Hatcher AM, Romito P, Odero M, Bukusi EA, Onono M, Turan JM. Social context and drivers of intimate partner violence in rural Kenya: implications for the health of pregnant women. Cult Health Sex. 2013;15(4):404–19. https://doi.org/10.1080/13691058.2012.760205.
Heath and development information team (2003). HIV and AIDS Key Issues Guide; The links between violence against women and HIV and AIDS. http://www.hivpolicy.org/Library/HPP001388.pdf.
Jewkes RK, Levin J, Penn-Kekana LA. Gender inequalities, intimate partner violence and HIV preventive practices: findings of a South African cross sectional study. Soc Sci Med. 2003;56:125–34.
Joseph-Shehu EM, Ncama BP. Evidence on health-promoting lifestyle practices and information and communication technologies: scoping review protocol. BMJ Open. 2017;7:1–4.
Kaukinen C. Status compatibility, physical violence, and emotional abuse in intimate relationships. J Marriage Fam. 2004;66:452–71.
Maman S, Campbell J, Sweat MD, Gielen AC. The intersections of HIV and violence: directions for future research and interventions. Soc Sci Med. 2000;50(4):459–78.
Oduro AD, Deere CD, Catanzarite ZB. Women’s wealth and intimate partner violence: insights from Ecuador and Ghana. Fem Econ. 2015;21(2):1–29.
Sarnquist C, Kang J, Moyo P, Stranix-Chibanda L, Tagwira V, Chang D, Maldonado Y. Intimate partner violence and HIV-infection among women in Zimbabwe: a complex interplay. 142nd APHA annual meeting and exposition; 2014.
Shamu S, Zarowsky C, Shefer T, Temmerman M, Abrahams N. Intimate partner violence after disclosure of HIV test results among pregnant women in Harare, Zimbabwe. PLoS One. 2014;9(10):e109447.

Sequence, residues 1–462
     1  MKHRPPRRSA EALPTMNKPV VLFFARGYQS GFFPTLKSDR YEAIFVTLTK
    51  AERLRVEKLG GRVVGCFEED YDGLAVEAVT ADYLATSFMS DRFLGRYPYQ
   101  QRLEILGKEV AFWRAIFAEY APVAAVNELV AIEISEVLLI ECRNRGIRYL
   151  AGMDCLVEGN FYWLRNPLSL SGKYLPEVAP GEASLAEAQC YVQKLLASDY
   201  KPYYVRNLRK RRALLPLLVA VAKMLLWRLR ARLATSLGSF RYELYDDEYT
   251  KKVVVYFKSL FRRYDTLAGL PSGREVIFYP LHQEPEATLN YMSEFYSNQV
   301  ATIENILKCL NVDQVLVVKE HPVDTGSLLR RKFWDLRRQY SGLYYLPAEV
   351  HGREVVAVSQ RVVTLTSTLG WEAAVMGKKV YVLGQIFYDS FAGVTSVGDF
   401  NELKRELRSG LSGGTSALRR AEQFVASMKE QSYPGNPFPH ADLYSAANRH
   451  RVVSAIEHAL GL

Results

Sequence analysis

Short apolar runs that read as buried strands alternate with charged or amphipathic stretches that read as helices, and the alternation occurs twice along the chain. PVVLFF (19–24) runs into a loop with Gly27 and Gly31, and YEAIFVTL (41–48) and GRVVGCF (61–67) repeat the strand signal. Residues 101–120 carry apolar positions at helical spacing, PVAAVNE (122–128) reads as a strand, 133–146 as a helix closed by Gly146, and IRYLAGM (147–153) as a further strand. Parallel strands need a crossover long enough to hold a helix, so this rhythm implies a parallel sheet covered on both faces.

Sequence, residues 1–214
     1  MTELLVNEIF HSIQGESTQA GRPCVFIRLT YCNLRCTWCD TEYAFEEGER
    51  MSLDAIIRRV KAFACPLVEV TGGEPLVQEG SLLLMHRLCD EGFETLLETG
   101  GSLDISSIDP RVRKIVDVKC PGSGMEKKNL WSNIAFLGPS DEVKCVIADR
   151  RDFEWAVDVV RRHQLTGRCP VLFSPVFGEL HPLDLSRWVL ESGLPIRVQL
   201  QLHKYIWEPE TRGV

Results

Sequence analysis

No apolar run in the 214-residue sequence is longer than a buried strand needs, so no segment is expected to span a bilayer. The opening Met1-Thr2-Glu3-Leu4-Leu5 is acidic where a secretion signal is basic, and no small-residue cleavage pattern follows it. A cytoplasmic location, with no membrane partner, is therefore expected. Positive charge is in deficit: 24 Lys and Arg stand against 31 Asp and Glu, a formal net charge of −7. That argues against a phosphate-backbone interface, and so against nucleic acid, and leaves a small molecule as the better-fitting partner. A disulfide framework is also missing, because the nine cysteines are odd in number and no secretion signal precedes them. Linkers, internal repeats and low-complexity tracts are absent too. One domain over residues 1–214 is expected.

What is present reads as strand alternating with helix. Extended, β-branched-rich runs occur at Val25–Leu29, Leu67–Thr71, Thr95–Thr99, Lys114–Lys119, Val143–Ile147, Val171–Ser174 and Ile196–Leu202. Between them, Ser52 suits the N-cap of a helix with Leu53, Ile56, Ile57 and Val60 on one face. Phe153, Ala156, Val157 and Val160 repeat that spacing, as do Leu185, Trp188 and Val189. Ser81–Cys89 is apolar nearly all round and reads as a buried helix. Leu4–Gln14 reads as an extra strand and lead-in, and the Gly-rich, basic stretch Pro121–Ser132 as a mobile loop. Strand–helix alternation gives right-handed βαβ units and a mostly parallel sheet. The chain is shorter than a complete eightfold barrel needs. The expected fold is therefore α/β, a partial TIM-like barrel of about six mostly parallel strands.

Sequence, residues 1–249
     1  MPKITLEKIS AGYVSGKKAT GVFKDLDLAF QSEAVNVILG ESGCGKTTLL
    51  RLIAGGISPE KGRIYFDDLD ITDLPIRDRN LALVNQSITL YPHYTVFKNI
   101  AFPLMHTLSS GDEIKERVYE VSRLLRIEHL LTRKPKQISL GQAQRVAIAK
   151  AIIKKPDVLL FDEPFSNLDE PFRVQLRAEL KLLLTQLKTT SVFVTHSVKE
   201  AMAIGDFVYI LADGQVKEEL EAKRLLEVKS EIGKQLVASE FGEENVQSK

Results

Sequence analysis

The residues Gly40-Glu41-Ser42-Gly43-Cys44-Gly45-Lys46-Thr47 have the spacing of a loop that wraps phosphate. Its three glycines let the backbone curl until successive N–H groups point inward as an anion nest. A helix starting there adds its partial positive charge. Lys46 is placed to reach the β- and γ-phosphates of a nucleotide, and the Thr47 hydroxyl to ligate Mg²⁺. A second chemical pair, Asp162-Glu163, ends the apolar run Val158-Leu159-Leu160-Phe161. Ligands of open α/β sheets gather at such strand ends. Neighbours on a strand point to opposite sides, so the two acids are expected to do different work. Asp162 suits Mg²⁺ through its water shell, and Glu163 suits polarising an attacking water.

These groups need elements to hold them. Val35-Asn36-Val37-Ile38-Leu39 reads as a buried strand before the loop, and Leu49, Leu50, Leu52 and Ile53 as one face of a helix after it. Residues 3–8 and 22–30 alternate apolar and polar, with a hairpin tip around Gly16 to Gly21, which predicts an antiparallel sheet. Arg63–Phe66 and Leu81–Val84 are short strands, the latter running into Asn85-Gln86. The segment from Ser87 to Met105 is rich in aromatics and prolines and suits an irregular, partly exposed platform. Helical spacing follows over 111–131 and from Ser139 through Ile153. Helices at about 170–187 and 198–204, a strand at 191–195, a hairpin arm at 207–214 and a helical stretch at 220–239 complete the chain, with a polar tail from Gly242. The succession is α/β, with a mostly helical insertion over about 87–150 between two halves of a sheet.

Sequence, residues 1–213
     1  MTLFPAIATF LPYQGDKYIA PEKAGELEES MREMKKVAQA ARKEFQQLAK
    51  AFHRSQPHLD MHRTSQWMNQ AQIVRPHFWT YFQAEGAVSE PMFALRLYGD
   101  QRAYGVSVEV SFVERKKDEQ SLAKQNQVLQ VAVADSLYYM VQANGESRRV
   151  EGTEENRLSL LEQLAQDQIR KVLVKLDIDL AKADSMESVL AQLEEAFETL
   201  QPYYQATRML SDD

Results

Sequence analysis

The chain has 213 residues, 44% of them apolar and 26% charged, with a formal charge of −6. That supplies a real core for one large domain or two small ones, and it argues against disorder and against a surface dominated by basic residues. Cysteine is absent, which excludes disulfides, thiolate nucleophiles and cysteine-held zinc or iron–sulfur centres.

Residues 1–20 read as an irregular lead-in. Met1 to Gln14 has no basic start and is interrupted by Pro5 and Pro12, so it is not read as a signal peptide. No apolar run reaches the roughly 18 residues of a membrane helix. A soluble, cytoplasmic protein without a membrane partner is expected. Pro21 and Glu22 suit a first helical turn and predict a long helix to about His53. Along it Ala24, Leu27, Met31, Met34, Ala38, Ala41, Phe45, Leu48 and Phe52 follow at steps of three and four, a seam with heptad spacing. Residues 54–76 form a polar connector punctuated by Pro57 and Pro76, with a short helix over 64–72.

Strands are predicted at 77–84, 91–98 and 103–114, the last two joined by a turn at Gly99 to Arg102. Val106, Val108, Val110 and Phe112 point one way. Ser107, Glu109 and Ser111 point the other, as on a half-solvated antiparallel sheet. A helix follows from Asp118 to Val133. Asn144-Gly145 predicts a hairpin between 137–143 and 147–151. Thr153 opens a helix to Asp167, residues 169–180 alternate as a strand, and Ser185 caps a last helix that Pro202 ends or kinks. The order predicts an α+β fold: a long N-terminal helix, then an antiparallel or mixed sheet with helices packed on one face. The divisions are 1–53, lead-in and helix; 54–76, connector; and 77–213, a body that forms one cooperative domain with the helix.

Spangenberg K, Wobil P, Betts CL, Wiesner TF, Gold KJ. Intimate partner violence among mothers of sick newborns in Ghana. Health Care Women Int. 2015;11:1–12 6 UN Women (2012).
UN-Women. (2012). Annual report 2011–2012. Retrieved from UN: http://www.unwomen.org/en/digital-library/publications/2012/8/annual-report-2011-2012
UNAIDS. Report on the global AIDS epidemic, 2012. Geneva: UNAIDS; 2012.
This protocol is supported by the College of Health Sciences, School of Nursing and Public Health, University of KwaZulu-Natal, Durban, South Africa. This gesture is greatly appreciated.
There was no funding of the manuscript.
Ethics approval and consent to participate
Consent for publication
The authors declare that they have no competing interests.
Springer Nature remains neutral with regard to jurisdictional claims in published maps and institutional affiliations.
About this article
Cite this article
Apiribu, F., Ncama, B.P. & Joseph-Shehu, E. Evidence of perpetration of intimate partner violence among HIV-positive couples: a systematic scoping review protocol. Syst Rev 8, 159 (2019). https://doi.org/10.1186/s13643-019-1051-3
- Intimate partner violence
- Low- and middle-income countries